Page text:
Women with endometriosis are increasingly seeking alternative medical therapies for symptom relief

Women with endometriosis are increasingly seeking alternative medical therapies for symptom relief

Observing changes of alternative medical use in relation to various menstrual problems among women with and without endometriosis.

Key Points


  • Women with endometriosis are more likely to seek alternative medicines to treat their perimenstrual symptoms than women without endometriosis.

Key Results:

  • Compared to women without endometriosis, women with endometriosis and CPPD symptoms were at least 6 times more likely to utilize other health services to treat their symptoms.
  • Between 2006-2012, women increasingly turned to the services of chiropractors, osteopaths, massage therapists, and/or acupuncturists for symptom relief.
  • The mean prevalence rates for endometriosis, irregular periods, and severe period pain were 4.0%, 20.9%, and 23.7%, respectively.
  • Health professionals should be aware of the increasing amounts of women with endometriosis who are seeking alternative methods of pain relief related to endometriosis.

What’s done here?

  • This is a 7-year longitudinal study that aimed to observe rates and characteristics of endometriosis, premenstrual syndrome (PMS), irregular periods, heavy periods, and severe period pain in women with endometriosis who used alternative medicine as a form of treatment for their symptoms.

Limitations: Since this study relied upon a questionnaires to gather consensus data, recall bias may have affected the responses that were given.

Lay Summary

Cyclic premenstrual pain and discomfort (CPPD) encompasses a number of symptoms commonly experienced by many women including premenstrual syndrome (PMS) and is experienced by both women with and without endometriosis. CPPD includes physical and emotional symptoms associated with menstruation including anxiety, depression, bloating, headache, cramping, and breast tenderness. Thus, almost all women have or will experience at least one of these associated symptoms during their lifetime. Some women have found a benefit in using alternative therapies to alleviate some of these symptoms. Alternative therapies include herbal medicines, aromatherapy oils, meditation, yoga, and Chinese medicine. Other medical professionals including chiropractors, naturopaths, herbalists, massage therapists, and acupuncturists were also considered to fall under alternative medical treatments used by this cohort.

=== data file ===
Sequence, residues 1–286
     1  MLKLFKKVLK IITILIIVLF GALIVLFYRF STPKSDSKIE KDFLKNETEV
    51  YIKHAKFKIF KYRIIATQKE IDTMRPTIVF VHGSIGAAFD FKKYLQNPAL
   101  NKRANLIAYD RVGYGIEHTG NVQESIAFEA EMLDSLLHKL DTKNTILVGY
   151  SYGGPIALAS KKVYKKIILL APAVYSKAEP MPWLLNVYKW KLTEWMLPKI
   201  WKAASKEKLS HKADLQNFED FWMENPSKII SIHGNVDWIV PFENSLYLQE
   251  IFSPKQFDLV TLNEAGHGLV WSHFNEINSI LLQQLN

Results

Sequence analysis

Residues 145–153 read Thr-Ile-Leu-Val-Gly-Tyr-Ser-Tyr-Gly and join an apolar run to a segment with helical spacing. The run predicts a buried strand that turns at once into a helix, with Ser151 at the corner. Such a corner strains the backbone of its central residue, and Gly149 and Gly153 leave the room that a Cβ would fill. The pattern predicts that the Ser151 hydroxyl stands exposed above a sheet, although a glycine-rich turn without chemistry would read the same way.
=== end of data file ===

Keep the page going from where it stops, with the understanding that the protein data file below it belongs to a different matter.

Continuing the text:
This study’s goal was to observe the rate and frequency at which women used alternative therapies and services of other health care professionals to alleviate their CPPD symptoms. Using a questionnaire method, researchers from Australia collected data from a study cohort of 58,000 women of all age groups. Questions pertaining to the frequency of experienced symptoms and use of alternative therapies were asked in women with and without endometriosis.

The mean prevalence rates for endometriosis (4.0%), irregular periods (20.9%) and severe period pain (23.7%) were consistent among the several questionnaires that were employed between 2006-2012. Over the 7-year time period, women with endometriosis were more likely to have consulted with a massage therapist (OR=1.26), acupuncturist (OR=1.88), and herbalist (OR=1.54) compared to women who had not been diagnosed with endometriosis.

Between these years, the study found a steady increase in the number of women who turned to the services of chiropractors, osteopaths, massage therapists, and/or acupuncturists. Women with endometriosis were significantly more likely to have used vitamins/minerals (OR= 1.40), yoga/meditation (OR= 1.35), herbal medicines (OR = 1.34), and Chinese medicines (OR= 1.99) compared to those without endometriosis.

It is important to note that the efficacy of conventional treatments for symptoms of CPPD vary depending on the individual symptoms and treatment used. While this study found that increasingly more women with endometriosis are utilizing alternative medicines and therapies to treat their symptoms, this does by no means prove that these therapies are effectively alleviating the symptoms associated with CPPD. While some studies have found an associated benefit of treating some symptoms using acupuncture, massage, and Chinese herbal medicine for women with endometriosis, this benefit is far from conclusive. Thus, individualization of treatment plans that aim to use many various aspects of conventional and alternative medicine may yield benefit on a case-by-case basis.

Research Source: https://www.ncbi.nlm.nih.gov/pubmed/28805552

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